A mutual fund is a common pool of money into which investors place their contributions that are to be invested in accordance with a stated objective. The ownership of the fund is thus joint or “mutual”; the fund belongs to all investors. A single investor’s ownership of the fund is in the same proportion as the amount of the contribution made by him or her bears to the6 total amount of the fund. A mutual fund uses the money collected from investors to buy those assets which are specifically permitted by its stated investment objective. Thus, an equity fund would buy mainly equity assets-ordinary shares, preference shares, warrants etc. a bond fund would mainly buy debt instruments such as debentures, bonds, or government securities. It is these assets which are owned by the investors in the same proportion as their contribution bears to the total contribution of all investors put together. When investors subscribes to a mutual fund, he or she buys a part of the assets or the pool of funds that are outstanding at that time. It is no different from buying “shares” of a joint stock company, in which case the purchase makes the investors a part owner of the company and its assets. In fact, in the U.S.A., a mutual fund is constituted as an investor “buys into the fund”, meaning he buys the shares of the fund. In India, a mutual fund is constituted as a trust and the investor subscribes to the “units” issued by the fund, which is where the term Unit Trust comes from. However, whether the investors get fund shares or units is only a matter of legal distinction. In any case, a mutual fund shareholder or unitholder is a part owner of the fund’s assets. In this project, used the term unit-holder includes the mutual fund account-holder or close-end fund shareholder. A unit-holder in unit trust of India US-64scheme is the same as a UTI Master share-holder or investors in an Alliance or DSP Merrill Lynch or PrudentialICICI or Tata or Templeton or SBI or any other fund manager’s open-end or close-end scheme. Since each owner is a part owner of a mutual fund, it is necessary to establish the value of his part. In other words, each share or unit that investors hold needs to be assigned a value. Since the units held by-an investor’s evidence the ownership of the fund’s assets the value of the total assets of the fund when divided by the total number of units issued by the mutual fund gives us the value of one unit. This is generally called the Net Asset Value (NAV) of one unit or share. The value of an investor’s part ownership is thus determined by NAV of the number of units held number of units held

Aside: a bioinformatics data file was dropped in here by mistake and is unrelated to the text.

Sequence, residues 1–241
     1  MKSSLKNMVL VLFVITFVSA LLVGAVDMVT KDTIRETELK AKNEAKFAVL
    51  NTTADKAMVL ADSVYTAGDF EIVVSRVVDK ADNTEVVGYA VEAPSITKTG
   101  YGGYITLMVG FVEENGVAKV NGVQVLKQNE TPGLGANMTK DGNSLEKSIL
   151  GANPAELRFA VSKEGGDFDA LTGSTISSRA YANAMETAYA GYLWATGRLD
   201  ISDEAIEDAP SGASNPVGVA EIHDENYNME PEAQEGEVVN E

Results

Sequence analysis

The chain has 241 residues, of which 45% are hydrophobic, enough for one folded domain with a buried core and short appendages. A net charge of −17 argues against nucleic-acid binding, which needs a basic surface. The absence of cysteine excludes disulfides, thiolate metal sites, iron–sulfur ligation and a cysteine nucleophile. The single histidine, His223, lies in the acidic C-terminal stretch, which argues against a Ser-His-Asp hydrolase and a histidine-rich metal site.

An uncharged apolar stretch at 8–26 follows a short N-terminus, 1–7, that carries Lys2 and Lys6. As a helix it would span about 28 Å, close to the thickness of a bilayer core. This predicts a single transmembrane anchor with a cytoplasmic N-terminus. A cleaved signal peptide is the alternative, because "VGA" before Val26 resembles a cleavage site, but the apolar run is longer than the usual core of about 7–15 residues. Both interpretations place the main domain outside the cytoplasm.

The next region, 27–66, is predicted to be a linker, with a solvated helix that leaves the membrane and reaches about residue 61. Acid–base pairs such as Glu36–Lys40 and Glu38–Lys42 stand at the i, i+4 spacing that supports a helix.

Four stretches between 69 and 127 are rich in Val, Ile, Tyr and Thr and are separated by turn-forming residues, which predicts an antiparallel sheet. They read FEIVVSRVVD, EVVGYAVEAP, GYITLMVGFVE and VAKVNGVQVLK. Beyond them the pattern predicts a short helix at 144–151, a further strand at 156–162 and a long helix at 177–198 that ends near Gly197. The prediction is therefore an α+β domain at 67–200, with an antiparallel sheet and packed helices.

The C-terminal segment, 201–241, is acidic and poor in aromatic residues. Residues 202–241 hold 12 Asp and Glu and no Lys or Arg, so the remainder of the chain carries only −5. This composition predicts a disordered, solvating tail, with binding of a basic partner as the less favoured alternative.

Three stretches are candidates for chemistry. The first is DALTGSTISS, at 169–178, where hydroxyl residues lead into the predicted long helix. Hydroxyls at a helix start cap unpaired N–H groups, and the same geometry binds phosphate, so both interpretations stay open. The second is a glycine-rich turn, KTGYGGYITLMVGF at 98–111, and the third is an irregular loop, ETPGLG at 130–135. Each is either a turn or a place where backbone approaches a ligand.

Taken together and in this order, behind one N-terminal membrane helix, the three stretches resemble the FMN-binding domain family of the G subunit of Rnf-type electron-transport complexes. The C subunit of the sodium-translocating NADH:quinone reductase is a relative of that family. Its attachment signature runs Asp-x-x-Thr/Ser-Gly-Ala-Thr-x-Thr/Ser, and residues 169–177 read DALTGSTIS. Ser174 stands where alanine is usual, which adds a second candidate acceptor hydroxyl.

The mutual fund industry in India started in 1963 with the formation of Unit Trust of India, at the initiative of the Government of India and Reserve Bank the. The history of mutual funds in India can be broadly divided into four distinct phases. First Phase – 1964-87 Unit Trust of India (UTI) was established on 1963 by an Act of Parliament. It was set up by the Reserve Bank of India and functioned under the Regulatory and administrative control of the Reserve Bank of India. In 1978 UTI was de-linked from the RBI and the Industrial Development Bank of India (IDBI) took over the regulatory and administrative control in place of RBI. The first scheme launched